Flowering started normally, in the second and third weeks in June, much later than 2018. June and July brought heatwaves, with record-breaking temperatures in July. Sunburn was a problem in this vintage, though not as widespread as it was in 2018. Growers from the Mosel to the Pfalz remarked that the warm, dry summer produced thicker skins, but that the cooler late summer slowed maturation and sugar levels.
This turn in the weather helped to preserve acidity, maintaining the freshness of the wines, balancing the ripe character and structure that the summer had produced. Rain started around the 20th of September in some regions and varied widely, region to region. Harvest conditions necessitated a larger than normal team for a number of wineries as well as patience and a bit of luck.
“It was a good year and you could make good wines, you just had to be careful this year – if you sorted out of the sunburned fruit first and went for harvest at the right moment, the wines are very, very good. You really had to time things well and when it was time to bring in a selection, you had to work fast,” remarked Georg Rumpf of Kruger-Rumpf in Münster-Sarmsheim in the Nahe.
At the end, I am very happy with what we produced, and really it was only possible through all of the work in the vineyard. It was a marathon vintage, with 50 people working harvest here in Oberhäusen, which is a lot – the same number of people we had in 2014,Cornelius Dönnhoff of Dönnhoff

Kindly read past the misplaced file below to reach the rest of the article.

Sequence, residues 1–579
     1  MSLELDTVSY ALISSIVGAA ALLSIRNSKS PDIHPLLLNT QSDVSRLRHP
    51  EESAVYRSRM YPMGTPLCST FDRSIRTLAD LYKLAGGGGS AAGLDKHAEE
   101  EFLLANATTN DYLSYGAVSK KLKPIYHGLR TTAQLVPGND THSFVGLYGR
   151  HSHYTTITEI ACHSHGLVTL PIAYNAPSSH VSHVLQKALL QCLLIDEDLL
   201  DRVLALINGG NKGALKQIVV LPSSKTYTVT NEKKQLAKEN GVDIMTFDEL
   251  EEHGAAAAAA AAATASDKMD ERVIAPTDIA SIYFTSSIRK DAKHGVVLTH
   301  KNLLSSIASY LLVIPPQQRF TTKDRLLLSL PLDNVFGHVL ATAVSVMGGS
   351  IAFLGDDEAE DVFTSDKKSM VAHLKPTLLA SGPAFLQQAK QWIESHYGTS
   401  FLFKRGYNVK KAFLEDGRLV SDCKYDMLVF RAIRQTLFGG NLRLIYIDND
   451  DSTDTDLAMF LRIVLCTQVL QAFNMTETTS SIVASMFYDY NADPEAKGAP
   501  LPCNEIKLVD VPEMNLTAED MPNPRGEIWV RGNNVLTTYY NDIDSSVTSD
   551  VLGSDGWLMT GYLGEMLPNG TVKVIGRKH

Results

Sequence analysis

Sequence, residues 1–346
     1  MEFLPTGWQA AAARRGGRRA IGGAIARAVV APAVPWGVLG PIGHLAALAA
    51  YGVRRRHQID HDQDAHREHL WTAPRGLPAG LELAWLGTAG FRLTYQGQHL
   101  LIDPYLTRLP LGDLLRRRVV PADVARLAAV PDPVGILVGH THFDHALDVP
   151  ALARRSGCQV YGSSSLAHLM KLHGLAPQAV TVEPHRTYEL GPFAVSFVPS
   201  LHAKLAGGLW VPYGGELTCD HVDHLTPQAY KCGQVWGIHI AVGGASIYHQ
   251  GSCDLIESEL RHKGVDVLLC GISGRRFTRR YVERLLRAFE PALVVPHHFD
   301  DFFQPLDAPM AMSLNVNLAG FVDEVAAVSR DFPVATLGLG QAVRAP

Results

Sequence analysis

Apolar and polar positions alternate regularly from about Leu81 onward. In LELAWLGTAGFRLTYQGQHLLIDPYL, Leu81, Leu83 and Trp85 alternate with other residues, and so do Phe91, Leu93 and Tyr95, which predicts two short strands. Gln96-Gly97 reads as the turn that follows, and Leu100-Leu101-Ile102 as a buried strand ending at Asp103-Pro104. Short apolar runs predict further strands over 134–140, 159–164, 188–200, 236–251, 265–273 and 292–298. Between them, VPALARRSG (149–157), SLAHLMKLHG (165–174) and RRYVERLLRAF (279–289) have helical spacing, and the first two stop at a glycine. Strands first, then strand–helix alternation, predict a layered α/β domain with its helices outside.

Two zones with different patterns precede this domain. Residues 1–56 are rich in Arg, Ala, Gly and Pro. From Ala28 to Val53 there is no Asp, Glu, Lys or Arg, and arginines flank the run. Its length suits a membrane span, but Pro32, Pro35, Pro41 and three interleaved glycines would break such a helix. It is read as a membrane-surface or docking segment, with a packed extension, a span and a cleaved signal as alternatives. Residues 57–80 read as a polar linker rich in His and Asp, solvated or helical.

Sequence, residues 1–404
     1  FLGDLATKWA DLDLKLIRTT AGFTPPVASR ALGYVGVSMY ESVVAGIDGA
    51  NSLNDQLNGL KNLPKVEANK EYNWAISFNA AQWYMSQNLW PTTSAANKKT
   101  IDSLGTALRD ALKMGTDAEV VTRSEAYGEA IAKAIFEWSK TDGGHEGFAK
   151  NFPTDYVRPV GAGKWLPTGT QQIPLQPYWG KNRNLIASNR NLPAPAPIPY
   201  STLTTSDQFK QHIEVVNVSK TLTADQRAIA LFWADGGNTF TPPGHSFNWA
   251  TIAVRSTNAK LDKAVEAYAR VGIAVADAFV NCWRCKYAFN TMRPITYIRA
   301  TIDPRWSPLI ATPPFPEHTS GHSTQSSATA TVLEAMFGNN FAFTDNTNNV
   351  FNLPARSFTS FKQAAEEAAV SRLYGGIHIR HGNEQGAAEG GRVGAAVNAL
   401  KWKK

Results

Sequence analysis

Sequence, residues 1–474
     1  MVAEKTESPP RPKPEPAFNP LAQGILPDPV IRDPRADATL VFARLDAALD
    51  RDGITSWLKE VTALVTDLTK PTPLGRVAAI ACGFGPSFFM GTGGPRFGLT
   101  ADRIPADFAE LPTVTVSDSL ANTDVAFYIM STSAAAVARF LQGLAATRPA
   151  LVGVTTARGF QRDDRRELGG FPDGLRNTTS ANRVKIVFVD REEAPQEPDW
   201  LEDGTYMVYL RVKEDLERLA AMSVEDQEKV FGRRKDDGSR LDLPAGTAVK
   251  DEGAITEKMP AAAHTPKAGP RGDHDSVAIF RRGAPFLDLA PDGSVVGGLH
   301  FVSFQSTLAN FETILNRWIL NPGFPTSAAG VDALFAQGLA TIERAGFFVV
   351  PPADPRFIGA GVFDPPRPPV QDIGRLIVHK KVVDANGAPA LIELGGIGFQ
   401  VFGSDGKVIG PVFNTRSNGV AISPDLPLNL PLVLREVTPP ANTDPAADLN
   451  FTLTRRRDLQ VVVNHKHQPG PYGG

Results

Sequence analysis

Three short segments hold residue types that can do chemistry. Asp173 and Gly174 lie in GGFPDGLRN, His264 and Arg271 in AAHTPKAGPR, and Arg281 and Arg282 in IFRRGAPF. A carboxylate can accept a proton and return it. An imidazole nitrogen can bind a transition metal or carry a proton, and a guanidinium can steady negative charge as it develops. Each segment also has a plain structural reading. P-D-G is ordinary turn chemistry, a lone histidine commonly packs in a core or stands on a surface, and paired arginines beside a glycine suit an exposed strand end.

In the Rheingau, growers said that they were spared from the rain that fell in September in the Nahe and Rheinhessen, but also commented that they were fortunate with some early ripening, making classical Kabinett wines possible. The remaining fruit, with loose clusters and thicker skins, was less prone to botrytis and the acidity stayed high. The Rheingau wines this year show the ripe character of the vintage while keeping the balance with excellent acidity. “We started harvest in the end of September for Riesling,” said Andreas Spreitzer, who produced an excellent collection this year. “The vintage is one I like very much; it has a warm-hearted character like a warm year, but great tension in the wines, like a cooler vintage.”